I promised a while back to not preach about neck braces, so that's it from me on a very well argued topic.

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I have always gone with a blend of mobility and protection in my gear choices, and when it comes to neck braces I have always been on the fence.

Like in my case, I don't have a particularly long neck, and my shoulders are fairly broad for my overall size, so already with my chest protector my shoulder pads are very close to the bottom of the helmet. The few full size neck braces I have tried on made me understand how a dog or cat would feel with one of those cones around their head.

With the Fox airframe my helmet already stops against it when I lean my head too far in any direction. So I think there is already some level protection from over extension. I don't know for sure of course, but I think there is alot to be said for balance instinct, natural reflexes, and staying loose. I have had crashes in BMX, snowboarding, skateboarding, motocross where I have landed on my head fully inverted and whatnot. Never a serious neck injury, but nearly every time I just go loose and thoughtless and let whatever my natural reflexes try to do during the chaos. It usually works out well enough lol.

Knee braces though. I do want to find some of those that work and allow as much feel as possible. I think I may give tbe Leatt C frames a shot. No real knee injuries, but with how much your legs come out while riding, other bikes, and just the general weight of a dirt bike they seem like a good idea.

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16 minutes ago, cjjeepercreeper said:

I've seen what a good neck brace can do first hand. 

No offense, but as an engineer, everytime someone says something like this it's just anecdotal nonsense.  To predict if any safety device would improve or diminish the outcome of a crash would take extremely rigorous and repeatable conditions and testing with a massive amount of instrumentation.

People who say, "I crashed and I only broke my collar bone.  Had I not been wearing my neck brace ai would be dead" are speaking emotionally.  It's impossible to say whether the outcome would have been better or worse with or without the neck brace.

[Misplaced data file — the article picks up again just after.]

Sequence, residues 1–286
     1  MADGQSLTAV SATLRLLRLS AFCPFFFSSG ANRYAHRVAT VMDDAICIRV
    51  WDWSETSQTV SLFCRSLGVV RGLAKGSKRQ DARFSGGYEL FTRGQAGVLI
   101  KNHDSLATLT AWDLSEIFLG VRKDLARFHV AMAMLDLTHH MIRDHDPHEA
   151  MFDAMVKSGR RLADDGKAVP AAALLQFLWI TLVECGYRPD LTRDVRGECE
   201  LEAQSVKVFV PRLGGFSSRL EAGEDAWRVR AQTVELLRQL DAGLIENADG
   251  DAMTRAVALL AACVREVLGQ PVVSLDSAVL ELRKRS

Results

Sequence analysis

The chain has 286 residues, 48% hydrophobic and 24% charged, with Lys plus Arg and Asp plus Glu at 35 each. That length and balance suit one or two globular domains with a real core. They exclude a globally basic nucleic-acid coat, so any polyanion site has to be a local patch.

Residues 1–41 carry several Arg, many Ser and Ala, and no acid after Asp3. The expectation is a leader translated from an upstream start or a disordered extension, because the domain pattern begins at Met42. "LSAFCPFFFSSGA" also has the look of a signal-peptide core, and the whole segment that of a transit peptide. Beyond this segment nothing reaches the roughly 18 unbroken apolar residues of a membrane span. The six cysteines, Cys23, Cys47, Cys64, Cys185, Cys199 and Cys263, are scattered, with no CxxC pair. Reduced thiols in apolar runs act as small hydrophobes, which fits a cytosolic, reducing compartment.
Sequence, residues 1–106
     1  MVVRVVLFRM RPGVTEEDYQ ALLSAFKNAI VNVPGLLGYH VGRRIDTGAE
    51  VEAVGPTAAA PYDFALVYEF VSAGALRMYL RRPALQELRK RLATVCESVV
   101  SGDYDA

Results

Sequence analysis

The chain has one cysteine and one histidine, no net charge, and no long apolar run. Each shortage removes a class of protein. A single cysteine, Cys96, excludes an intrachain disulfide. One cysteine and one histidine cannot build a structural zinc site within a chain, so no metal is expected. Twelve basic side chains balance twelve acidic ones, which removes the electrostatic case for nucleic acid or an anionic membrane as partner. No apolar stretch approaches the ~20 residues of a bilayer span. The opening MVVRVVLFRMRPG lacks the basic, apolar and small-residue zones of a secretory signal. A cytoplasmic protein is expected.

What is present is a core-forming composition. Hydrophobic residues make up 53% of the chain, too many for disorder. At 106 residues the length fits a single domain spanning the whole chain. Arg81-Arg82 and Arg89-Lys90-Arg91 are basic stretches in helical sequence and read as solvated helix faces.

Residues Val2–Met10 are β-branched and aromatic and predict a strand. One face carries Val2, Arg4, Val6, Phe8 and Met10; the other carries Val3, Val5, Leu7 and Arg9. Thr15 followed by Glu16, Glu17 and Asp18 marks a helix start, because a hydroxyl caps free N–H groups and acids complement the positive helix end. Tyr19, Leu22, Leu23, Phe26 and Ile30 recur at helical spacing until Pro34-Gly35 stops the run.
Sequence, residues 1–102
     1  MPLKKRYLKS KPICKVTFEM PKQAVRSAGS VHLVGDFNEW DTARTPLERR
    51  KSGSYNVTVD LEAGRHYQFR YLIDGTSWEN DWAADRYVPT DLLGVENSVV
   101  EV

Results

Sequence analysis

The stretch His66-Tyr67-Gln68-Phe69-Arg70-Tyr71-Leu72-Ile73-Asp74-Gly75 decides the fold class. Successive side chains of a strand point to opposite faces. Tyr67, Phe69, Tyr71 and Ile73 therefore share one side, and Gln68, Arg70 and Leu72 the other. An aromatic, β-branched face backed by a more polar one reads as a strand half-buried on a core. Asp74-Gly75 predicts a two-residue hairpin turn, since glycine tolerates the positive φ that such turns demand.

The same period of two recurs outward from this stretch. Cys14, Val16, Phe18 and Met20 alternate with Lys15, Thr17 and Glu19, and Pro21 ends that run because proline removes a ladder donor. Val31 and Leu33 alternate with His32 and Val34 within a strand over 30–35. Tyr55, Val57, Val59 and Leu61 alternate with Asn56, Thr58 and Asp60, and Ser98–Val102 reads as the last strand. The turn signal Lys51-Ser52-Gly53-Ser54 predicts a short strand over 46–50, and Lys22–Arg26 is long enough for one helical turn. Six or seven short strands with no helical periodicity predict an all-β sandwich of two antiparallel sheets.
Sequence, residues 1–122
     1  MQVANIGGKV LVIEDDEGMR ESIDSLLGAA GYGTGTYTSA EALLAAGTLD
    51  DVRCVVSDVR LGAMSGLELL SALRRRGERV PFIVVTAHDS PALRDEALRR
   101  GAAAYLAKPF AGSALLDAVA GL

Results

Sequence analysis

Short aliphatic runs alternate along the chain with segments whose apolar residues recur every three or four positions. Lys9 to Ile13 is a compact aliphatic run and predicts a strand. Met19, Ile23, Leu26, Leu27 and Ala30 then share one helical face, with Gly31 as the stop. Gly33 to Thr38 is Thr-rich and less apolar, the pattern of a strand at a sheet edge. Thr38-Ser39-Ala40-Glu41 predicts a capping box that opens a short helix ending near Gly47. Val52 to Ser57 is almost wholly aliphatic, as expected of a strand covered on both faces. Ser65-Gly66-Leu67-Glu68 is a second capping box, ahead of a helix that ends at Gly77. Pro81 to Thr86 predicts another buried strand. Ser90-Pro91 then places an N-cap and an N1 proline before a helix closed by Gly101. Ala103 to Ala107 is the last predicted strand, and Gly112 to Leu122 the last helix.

That's why we need to remove the emotion.  We need independent third party testing and certification for these devices.

If you don't believe me, then you should buy my neck brace.  I can show you white paper after white paper and study after study I've done showing it's amazingly effective.  The chin spike help to slow the head down during rapid deceleration.  It only costs $1,500.  Surely your neck is worth it.  Just ask you wife or Mother if you should buy it.

Doc

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I should also mention thst being in the Detroit area I know a ton of automotive engineers.  In the 80s when they started working on air bags their first attempts were much more dangerous to the occupants than the crash was.  Only through very rigorous testing and certification did they make airbags safe.  They kept blowing the heads off the crash test dummies in certain conditions early on.  If it wasn't for third party testing and certification those airbags might have made it to market in a dangerous state.

Even with third party testing and certification there are still some instances where airbag deployment causes more injury than it prevents.  However , in the current state of development, they overwhelmingly reduce the chance of injury more than increase it. Msi it's well worth the trade off.